• Additional data has been updated and added, based on a review paper on computational epigenetics that appeared in the January 2010 issue of the Bioinformation journal: Lim S.J., Tan T.W. and Tong, J.C. (2010) Computational epigenetics: the new scientific paradigm. Bioinformation, 4(7): 331-337. This review paper provides >129 references to scientific papers. It is published as open access and can be downloaded freely from the publisher's web page:


  1. ^ Bock C, Lengauer T (January 2008). "Computational epigenetics". Bioinformatics. 24 (1): 1–10. doi:10.1093/bioinformatics/btm546. PMID 18024971.
  2. ^ Lim SJ, Tan TW, Tong JC (January 2010). "Computational Epigenetics: the new scientific paradigm". Bioinformation. 4 (7): 331–337. doi:10.6026/97320630004331. PMC 2957762. PMID 20978607.
  3. ^ Madrigal P, Krajewski P (July 2015). "Uncovering correlated variability in epigenomic datasets using the Karhunen-Loeve transform". BioData Mining. 8: 20. doi:10.1186/s13040-015-0051-7. PMC 4488123. PMID 26140054.
  4. ^ Shi SP, Qiu JD, Sun XY, Suo SB, Huang SY, Liang RP (April 2012). "PLMLA: prediction of lysine methylation and lysine acetylation by combining multiple features". Molecular BioSystems. 8 (5): 1520–1527. doi:10.1039/C2MB05502C. PMID 22402705. S2CID 6172534.
  5. ^ Zheng H, Jiang SW, Wu H (2011). "Enhancement on the Predictive Power of the Prediction Model for Human Genomic DNA Methylation". Biocomp'11: The 2011 International Conference on Bioinformatics and Computational Biology. S2CID 14599625.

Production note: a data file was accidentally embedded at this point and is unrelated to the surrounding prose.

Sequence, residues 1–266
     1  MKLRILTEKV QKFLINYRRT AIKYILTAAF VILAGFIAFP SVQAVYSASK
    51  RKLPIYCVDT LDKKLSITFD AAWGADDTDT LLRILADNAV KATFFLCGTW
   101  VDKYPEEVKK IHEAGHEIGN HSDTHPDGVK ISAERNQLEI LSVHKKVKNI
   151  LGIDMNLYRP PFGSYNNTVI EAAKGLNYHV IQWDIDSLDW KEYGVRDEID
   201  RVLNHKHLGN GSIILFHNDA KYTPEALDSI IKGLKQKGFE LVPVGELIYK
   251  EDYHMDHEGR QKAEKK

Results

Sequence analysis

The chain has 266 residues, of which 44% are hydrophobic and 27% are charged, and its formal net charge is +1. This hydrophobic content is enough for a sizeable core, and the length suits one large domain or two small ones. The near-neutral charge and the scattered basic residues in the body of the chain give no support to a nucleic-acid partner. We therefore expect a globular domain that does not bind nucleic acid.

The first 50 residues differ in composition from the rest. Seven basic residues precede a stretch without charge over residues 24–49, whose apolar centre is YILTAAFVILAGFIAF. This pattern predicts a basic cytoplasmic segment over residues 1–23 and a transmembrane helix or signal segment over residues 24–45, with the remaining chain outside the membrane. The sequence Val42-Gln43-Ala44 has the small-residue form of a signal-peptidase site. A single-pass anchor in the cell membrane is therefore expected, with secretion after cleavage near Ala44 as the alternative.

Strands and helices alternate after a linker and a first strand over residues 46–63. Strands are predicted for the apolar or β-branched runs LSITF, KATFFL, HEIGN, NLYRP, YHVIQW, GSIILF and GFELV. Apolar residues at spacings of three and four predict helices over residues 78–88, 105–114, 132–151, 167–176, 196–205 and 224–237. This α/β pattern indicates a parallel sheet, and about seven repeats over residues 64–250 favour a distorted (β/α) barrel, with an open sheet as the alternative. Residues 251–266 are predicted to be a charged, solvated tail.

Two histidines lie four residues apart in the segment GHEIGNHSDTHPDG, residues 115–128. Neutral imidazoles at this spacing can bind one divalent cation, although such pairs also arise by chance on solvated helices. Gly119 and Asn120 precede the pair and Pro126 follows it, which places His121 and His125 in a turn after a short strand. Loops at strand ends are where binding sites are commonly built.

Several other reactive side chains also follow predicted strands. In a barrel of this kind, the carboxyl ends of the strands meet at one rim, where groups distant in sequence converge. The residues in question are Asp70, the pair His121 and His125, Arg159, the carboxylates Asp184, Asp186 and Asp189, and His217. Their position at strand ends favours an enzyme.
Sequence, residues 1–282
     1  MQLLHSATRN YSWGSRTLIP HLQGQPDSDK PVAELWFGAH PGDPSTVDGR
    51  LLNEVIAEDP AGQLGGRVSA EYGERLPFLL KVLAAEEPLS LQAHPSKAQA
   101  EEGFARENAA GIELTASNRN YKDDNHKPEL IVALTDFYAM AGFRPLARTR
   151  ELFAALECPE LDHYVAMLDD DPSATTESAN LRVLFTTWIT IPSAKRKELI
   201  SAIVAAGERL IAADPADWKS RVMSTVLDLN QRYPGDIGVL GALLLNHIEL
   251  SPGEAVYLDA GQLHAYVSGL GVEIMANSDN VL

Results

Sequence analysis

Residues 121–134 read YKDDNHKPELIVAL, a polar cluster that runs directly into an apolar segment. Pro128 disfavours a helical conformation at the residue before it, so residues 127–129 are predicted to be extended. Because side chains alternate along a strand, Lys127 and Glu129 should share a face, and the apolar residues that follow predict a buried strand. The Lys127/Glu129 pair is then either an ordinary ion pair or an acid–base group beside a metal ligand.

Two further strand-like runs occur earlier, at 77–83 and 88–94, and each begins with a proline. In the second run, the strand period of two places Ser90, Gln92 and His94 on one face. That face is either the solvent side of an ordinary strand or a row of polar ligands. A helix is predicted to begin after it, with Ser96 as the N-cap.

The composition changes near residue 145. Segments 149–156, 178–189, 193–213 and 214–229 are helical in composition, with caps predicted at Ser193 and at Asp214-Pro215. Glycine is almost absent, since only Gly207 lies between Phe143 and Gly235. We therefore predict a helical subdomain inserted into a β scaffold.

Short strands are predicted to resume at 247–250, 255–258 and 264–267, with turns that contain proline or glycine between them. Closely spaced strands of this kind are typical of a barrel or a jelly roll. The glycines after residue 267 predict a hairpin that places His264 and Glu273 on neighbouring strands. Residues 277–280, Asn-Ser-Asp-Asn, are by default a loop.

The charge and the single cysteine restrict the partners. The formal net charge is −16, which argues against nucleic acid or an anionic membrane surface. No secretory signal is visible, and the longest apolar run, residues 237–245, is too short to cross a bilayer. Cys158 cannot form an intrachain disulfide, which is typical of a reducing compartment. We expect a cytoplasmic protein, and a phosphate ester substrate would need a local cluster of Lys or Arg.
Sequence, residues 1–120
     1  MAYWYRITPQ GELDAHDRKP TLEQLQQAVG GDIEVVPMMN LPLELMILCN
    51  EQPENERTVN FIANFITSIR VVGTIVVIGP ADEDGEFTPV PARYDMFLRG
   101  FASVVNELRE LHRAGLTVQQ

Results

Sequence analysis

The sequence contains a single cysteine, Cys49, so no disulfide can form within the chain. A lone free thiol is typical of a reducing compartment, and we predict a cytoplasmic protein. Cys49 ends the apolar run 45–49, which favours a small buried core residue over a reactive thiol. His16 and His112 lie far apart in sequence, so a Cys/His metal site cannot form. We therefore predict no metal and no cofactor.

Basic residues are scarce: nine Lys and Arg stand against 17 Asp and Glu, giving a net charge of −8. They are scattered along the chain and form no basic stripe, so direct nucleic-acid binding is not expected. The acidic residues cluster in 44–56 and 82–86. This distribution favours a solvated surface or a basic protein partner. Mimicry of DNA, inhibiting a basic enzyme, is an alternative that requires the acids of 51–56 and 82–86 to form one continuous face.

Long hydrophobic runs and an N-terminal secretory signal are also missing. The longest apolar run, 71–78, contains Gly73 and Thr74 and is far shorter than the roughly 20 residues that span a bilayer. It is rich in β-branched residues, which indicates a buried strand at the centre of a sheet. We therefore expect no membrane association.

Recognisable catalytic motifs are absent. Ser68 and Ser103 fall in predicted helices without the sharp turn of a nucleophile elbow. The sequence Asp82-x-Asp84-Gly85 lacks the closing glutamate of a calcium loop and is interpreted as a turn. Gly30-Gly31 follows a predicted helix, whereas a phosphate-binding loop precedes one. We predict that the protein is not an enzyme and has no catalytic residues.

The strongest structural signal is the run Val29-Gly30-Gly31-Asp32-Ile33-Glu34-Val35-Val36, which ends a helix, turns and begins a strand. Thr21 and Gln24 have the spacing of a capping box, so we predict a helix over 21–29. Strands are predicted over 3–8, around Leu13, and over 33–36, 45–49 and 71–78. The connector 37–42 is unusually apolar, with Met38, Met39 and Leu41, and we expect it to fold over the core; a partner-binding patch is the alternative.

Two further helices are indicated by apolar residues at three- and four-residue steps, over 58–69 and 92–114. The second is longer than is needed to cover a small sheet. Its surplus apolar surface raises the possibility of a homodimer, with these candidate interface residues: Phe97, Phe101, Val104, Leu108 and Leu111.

6. ^ Roznovăţ IA, Ruskin HJ (September 2013). "A computational model for genetic and epigenetic signals in colon cancer". Interdisciplinary Sciences, Computational Life Sciences. 5 (3): 175–186. doi:10.1007/s12539-013-0172-y. PMID 24307409. S2CID 11867110.
  7. ^ DNA Methylation Database
  8. ^ Pubmeth.Org
  9. ^ "Official REBASE Homepage | the Restriction Enzyme Database | NEB".
  10. ^ "DeepBlue Epigenomic Data Server".
  11. ^ "MeInfoText: associated gene methylation and cancer information from text mining". Archived from the original on 2016-03-03. Retrieved 2010-01-29.
  12. ^ "methPrimerDB: the DNA methylation analysis PCR primer database". Archived from the original on 2014-07-15. Retrieved 2010-01-29.
  13. ^ "Histone Database - Histone Database". Archived from the original on 2015-09-05. Retrieved 2010-01-29.
  14. ^ "ChromDB::Chromatin Database". Archived from the original on 2019-04-10. Retrieved 2010-01-29.
  15. ^ Cremofac
  16. ^ "Home".
  17. ^ Methylation Database Archived 2008-12-03 at the Wayback Machine